GOV 312L • Issues and Policies in American Government
2:00 PM-3:30 PM
Fulfills second half of legislative requirement for 6 hours of American government. Offered on a letter-grade basis only. May be taken for credit only once.
This course will analyze the origins and consequences of U.S. policies toward Latin America. As a basic course in American government, one objective of this class is to increase your understanding of U.S. foreign policy. U.S. foreign policy toward Latin America will be used as a means to help achieve that objective. The first third of the course will provide some basic background on U.S.-Latin American relations. We will identify the important actors for U.S. policymaking toward the region and also examine the history of U.S.-Latin American relations from the colonial period until World War II. The second part of the course will examine U.S.-Latin American relations during the Cold War (1945-1990). The final section of the course will examine current issues in U.S.-Latin American relations, primarily focusing on economic and trade policy, the war on drugs, and immigration policy. By the end of the course, you should not only be more familiar with U.S. foreign policymaking and U.S. foreign policy toward Latin America, but you should also be a little more familiar with Latin America and Latin American politics more generally. You should have a greater ability to understand and analyze the political information that is presented in the media and newspapers in regard to U.S. foreign policy.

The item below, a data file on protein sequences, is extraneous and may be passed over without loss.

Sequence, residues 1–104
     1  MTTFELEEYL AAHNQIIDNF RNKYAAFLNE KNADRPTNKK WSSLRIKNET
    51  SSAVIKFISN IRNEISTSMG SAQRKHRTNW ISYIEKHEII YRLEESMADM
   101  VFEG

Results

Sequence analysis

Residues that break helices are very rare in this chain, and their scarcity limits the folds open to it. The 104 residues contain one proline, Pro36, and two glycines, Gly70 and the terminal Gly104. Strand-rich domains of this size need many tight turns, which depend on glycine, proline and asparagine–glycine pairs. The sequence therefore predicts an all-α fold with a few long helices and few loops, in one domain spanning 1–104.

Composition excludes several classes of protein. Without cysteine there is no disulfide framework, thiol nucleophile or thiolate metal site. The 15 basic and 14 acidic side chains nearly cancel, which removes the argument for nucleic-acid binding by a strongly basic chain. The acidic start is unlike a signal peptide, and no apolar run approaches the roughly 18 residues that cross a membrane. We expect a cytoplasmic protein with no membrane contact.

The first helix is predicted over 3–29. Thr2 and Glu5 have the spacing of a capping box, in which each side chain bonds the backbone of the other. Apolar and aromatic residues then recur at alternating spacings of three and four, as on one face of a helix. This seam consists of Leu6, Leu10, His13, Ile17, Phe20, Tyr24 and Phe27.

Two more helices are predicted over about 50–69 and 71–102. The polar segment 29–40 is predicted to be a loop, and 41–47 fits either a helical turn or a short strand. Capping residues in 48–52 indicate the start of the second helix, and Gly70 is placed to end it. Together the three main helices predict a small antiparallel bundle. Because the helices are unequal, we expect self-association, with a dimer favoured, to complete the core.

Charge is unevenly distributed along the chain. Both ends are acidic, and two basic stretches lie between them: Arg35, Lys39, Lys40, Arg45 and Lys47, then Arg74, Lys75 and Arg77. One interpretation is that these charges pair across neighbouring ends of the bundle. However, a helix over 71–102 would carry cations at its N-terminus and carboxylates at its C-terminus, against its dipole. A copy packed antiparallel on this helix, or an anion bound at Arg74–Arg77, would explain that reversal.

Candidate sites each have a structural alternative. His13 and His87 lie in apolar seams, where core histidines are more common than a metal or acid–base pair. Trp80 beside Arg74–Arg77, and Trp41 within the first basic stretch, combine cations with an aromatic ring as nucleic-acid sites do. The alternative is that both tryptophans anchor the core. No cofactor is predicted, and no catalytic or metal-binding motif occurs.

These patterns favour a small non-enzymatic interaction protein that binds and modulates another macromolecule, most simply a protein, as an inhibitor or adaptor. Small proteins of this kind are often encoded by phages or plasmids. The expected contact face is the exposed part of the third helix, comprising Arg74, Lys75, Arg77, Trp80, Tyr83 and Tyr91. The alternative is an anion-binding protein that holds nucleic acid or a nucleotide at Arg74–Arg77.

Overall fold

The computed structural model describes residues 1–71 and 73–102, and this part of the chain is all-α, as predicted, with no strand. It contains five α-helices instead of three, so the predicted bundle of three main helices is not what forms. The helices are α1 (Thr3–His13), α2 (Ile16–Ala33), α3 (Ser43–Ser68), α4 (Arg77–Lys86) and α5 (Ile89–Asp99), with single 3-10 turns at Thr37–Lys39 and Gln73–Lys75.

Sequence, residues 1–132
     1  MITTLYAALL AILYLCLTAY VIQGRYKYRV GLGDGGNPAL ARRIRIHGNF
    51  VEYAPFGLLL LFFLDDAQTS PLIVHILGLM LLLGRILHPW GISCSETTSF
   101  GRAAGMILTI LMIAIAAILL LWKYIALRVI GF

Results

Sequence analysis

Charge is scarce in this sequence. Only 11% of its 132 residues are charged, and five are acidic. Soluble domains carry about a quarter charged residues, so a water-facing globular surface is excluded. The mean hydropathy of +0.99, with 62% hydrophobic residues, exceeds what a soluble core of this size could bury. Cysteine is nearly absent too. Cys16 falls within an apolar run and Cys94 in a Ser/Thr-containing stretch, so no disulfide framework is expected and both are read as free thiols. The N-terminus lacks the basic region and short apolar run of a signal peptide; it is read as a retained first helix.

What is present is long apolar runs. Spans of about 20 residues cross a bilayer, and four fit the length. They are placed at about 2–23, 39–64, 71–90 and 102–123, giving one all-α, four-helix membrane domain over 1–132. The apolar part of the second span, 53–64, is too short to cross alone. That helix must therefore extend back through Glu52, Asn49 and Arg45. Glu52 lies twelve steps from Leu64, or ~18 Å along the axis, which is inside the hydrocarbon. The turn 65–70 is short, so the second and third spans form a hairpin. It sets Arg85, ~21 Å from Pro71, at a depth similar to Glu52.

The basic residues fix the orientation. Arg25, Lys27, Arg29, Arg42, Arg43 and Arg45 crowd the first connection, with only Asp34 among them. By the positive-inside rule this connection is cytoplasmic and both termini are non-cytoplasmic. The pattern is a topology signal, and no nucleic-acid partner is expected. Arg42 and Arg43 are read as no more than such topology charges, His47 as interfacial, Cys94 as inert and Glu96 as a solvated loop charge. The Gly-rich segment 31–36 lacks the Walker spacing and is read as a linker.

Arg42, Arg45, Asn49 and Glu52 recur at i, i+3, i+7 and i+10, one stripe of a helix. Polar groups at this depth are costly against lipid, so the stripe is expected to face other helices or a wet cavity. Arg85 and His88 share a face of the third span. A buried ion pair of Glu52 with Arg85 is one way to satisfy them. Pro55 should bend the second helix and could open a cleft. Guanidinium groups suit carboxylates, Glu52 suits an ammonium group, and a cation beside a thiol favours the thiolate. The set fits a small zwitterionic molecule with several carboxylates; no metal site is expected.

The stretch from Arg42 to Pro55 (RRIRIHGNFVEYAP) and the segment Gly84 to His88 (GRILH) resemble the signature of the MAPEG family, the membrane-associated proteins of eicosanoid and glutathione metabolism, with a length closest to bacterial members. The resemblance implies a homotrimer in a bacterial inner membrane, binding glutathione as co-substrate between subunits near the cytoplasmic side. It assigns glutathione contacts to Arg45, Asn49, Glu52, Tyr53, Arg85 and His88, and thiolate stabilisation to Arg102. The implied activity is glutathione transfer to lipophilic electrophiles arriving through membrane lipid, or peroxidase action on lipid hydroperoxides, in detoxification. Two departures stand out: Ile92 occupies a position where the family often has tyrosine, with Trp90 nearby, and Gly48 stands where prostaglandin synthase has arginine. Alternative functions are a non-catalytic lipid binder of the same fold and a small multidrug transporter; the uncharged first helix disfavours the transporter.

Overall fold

There will be three exams in the course, each worth 30 percent of the final grade. The remaining 10 percent will be based on occasional attendance quizzes.
Danner, Mark. The Massacre at El Mozote. New York: Vintage Books, 1994. Davidow, Jeffrey. The U.S. and Mexico: The Bear and the Porcupine. Princeton, NJ: Markus Wiener Publishers, 2004. Kennedy, Robert. Thirteen Days: A Memoir of the Cuban Missile Crisis. New York: W.W. Norton and Co, 1999. Smith, Peter. Talons of the Eagle: Dynamics of U.S.-Latin American Relations. Oxford: Oxford University Press, 2000. In addition, a course reading packet will be required